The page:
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Universities accused of ‘dumbing down’

The select committee on innovation, universities and science has suggested that universities are ‘dumbing down’ their degrees in a damning report on what it perceives to be slipping standards. The report points out that the proportion of graduates obtaining a first class degree has risen from 7.7 per cent in 1996/7 to 13.3 per cent in 2007/8. 

It also found fault with the fact that a first from one university could have a different value to a first from another. To address these inconsistencies, the committee has called for the universities watchdog agency to be re-established with special monitoring standards.
The select committees’ findings have sparked a furious row between government and academia over whose responsibility it should be to monitor the quality of degrees.  While the government’s report calls for a single measure of standards across all institutions, universities maintain that their responsibility to decide degree standards is essential to academic freedom and reject schemes to create a national curriculum for universities.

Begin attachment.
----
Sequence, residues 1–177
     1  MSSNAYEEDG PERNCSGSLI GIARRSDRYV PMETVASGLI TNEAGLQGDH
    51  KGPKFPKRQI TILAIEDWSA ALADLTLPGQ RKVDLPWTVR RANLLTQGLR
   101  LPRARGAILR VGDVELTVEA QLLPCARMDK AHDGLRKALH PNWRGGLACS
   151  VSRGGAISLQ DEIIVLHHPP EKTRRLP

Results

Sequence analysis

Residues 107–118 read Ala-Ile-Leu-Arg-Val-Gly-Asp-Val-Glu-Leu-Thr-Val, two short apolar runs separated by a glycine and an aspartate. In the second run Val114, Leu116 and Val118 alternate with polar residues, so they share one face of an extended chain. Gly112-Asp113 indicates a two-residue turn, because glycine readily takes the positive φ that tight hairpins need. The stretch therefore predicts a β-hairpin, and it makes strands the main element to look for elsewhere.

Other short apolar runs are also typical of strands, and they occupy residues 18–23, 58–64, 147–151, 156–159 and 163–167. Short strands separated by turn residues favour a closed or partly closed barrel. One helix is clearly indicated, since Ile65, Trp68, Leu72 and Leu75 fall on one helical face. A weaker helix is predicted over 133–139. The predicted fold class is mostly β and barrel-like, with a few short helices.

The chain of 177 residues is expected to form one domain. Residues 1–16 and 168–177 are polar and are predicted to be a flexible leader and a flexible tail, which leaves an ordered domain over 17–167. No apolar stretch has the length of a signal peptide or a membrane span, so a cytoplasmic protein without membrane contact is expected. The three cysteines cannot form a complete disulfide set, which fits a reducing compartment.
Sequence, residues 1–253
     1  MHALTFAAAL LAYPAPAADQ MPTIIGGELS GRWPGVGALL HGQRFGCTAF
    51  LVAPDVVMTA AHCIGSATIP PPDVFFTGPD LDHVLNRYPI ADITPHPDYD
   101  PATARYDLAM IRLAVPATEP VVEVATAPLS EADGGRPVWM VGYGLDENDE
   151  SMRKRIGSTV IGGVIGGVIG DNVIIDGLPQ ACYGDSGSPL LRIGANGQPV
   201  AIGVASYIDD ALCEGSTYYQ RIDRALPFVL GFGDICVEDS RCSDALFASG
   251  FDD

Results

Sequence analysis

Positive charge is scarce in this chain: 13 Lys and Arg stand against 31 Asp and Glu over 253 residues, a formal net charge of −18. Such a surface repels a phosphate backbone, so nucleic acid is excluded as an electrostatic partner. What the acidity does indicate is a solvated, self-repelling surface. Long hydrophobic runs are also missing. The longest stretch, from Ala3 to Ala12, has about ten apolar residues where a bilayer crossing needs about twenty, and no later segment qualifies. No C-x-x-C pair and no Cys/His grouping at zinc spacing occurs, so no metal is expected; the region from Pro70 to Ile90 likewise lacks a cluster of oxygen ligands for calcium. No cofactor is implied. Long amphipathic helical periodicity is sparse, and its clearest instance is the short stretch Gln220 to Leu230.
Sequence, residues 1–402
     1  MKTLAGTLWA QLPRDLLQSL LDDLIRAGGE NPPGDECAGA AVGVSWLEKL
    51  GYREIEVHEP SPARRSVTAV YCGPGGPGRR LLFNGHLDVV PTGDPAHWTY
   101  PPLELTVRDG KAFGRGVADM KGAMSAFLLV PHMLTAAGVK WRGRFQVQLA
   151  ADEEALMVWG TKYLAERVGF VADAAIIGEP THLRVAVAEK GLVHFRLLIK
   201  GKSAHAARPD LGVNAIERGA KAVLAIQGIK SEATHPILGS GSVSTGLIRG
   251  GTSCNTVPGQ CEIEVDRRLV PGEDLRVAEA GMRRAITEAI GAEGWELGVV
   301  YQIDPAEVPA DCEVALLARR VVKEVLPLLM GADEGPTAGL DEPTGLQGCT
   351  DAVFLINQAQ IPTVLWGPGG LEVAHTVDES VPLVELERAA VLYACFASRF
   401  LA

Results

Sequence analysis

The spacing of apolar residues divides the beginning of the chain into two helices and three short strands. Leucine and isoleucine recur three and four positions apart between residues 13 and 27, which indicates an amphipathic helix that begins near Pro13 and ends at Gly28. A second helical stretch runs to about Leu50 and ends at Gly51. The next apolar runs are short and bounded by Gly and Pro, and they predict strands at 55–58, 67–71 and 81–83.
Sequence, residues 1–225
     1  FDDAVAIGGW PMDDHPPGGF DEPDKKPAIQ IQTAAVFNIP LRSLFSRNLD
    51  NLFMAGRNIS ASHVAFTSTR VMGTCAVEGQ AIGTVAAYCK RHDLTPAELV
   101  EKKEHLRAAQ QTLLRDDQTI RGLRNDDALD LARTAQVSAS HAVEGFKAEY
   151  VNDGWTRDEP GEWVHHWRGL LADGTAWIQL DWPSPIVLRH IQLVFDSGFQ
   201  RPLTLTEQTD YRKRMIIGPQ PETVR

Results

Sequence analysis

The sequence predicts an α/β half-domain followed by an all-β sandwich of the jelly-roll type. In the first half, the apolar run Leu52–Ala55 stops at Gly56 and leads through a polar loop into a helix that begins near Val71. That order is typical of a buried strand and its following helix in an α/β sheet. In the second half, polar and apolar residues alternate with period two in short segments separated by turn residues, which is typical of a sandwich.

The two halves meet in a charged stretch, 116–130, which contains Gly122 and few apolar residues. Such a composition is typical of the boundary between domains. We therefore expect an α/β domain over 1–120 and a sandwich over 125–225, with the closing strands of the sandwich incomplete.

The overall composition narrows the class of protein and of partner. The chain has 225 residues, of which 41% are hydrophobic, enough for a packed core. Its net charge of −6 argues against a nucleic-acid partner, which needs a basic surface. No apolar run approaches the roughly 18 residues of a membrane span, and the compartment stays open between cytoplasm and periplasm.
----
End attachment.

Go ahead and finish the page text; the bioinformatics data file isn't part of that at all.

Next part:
The committee criticised vice-chancellors for being unwilling or unable to answer questions about how much degrees were worth, identifying a culture of ‘defensive complacency.’

Justine Moat

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